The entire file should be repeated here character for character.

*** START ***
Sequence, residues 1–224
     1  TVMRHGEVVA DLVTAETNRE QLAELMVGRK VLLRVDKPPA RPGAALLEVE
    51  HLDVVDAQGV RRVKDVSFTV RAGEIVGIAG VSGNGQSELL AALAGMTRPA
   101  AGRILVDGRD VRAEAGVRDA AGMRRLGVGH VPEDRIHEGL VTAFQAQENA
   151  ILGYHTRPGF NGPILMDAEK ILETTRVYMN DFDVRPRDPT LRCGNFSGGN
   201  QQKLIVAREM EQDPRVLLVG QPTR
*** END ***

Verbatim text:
Sequence, residues 1–224
     1  TVMRHGEVVA DLVTAETNRE QLAELMVGRK VLLRVDKPPA RPGAALLEVE
    51  HLDVVDAQGV RRVKDVSFTV RAGEIVGIAG VSGNGQSELL AALAGMTRPA
   101  AGRILVDGRD VRAEAGVRDA AGMRRLGVGH VPEDRIHEGL VTAFQAQENA
   151  ILGYHTRPGF NGPILMDAEK ILETTRVYMN DFDVRPRDPT LRCGNFSGGN
   201  QQKLIVAREM EQDPRVLLVG QPTR